Another: “You are a fucking shit that deserves the same fate as the Petit family. Given that your piece of shit face is now all over social media, you may well get what you deserve.”
I received about a dozen more messages saying basically the same thing, most containing the word “cunt,” for extra bite, I guess.
It’s hard to imagine people like these trolls exist at all, let alone that this is how they would react to a Facebook comment I wrote that contained no expletives, personal attacks, or really anything other than my opinion. Heck, unlike a lot of my writing, this particular post wasn’t even snarky.
What really struck me, though, is how misogyny is so fundamental to troll behavior. It’s not just that these trolls are hateful, but that they specifically despise women — especially women who express their opinion in the public sphere. In an anonymous poll of writers working at TIME, almost half of the women on staff had considered quitting journalism because of the hatred they’ve face online — none of the men had. At its worst, the bullying and harassment of online trolls has pushed otherwise talented individuals out of the public sphere — voices that are central to democratic discourse, but which are lost.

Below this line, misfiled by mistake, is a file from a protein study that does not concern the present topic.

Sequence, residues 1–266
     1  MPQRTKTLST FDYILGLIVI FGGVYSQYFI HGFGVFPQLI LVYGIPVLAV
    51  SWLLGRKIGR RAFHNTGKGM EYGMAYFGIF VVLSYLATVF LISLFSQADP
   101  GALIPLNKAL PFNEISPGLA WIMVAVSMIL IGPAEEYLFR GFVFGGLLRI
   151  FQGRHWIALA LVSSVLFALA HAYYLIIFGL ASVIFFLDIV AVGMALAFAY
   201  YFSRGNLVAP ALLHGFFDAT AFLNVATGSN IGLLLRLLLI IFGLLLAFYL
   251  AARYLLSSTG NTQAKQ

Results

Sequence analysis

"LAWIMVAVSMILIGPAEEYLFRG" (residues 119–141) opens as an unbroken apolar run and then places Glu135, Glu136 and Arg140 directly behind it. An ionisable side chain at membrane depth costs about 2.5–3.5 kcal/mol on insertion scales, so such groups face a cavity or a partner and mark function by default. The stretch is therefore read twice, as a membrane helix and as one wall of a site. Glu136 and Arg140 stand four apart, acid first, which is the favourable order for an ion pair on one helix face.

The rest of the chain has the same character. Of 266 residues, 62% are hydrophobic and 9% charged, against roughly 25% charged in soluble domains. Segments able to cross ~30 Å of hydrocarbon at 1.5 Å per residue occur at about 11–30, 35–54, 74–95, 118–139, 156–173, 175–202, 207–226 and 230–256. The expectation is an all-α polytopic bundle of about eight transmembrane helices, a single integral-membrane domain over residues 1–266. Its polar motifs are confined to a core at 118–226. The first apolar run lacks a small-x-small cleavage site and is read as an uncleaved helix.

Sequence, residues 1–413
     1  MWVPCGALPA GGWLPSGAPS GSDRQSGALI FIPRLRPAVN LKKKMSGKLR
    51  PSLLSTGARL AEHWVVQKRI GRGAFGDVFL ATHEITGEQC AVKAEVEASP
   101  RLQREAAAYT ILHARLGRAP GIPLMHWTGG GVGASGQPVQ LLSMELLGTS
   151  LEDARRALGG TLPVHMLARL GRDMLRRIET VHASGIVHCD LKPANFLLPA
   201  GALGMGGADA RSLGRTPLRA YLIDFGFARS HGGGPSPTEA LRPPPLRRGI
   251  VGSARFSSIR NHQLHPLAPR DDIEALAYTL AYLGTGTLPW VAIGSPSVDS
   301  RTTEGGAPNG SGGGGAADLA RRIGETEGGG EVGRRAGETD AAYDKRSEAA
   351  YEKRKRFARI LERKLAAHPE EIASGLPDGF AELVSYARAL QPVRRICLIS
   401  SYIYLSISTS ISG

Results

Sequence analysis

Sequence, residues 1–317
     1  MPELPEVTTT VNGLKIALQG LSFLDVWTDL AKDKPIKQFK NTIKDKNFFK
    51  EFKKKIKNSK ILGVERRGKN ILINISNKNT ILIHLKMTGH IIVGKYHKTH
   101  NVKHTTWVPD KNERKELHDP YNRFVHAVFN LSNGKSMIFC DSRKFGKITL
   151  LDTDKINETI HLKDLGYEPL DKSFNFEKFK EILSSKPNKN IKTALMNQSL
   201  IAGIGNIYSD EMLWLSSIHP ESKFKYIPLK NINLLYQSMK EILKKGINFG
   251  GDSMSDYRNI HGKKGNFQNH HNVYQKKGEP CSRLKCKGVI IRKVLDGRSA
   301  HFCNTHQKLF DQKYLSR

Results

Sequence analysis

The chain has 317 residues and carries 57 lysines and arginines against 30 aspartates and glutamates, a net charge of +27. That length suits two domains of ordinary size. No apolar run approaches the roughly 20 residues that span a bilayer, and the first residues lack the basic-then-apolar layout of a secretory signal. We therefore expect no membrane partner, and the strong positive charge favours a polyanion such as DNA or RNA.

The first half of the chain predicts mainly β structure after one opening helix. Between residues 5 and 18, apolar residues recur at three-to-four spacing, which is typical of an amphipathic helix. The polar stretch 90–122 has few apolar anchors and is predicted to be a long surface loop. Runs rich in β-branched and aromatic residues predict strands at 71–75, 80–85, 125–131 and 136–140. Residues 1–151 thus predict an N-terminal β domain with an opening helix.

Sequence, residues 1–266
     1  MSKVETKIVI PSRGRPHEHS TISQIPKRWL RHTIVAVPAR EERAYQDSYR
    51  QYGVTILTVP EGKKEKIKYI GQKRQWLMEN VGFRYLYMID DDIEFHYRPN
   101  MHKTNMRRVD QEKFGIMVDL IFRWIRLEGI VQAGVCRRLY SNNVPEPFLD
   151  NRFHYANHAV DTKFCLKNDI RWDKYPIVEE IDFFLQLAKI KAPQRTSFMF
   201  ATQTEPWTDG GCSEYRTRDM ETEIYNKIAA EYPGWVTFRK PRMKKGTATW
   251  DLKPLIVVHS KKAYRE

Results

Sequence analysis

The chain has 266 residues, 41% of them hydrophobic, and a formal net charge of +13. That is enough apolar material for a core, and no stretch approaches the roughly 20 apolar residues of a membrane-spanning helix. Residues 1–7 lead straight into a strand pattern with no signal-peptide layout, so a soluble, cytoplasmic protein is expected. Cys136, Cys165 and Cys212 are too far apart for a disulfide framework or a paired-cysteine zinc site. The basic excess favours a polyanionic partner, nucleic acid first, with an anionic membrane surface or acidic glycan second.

Advice articles for how to deal with online trolls is unanimous: ignore them, because trolls feed on attention and their ability to provoke a response. I hesitated in writing this article at all precisely because of this advice — because I don’t want to give life to some of the lowest forms of humanity that exist in this country. But I think it is important to also show not only trolls, but all of society, that women are not going to just shut up.
This election has unearthed some of the most painful diseases of American society, including misogyny and sexism. The reaction among women has been one of empowerment, of motivation to speak out and up, without fear. I am hopeful that, despite the outcome — and perhaps because of it — we will continue to amplify the voices, interests, and concerns of women everywhere.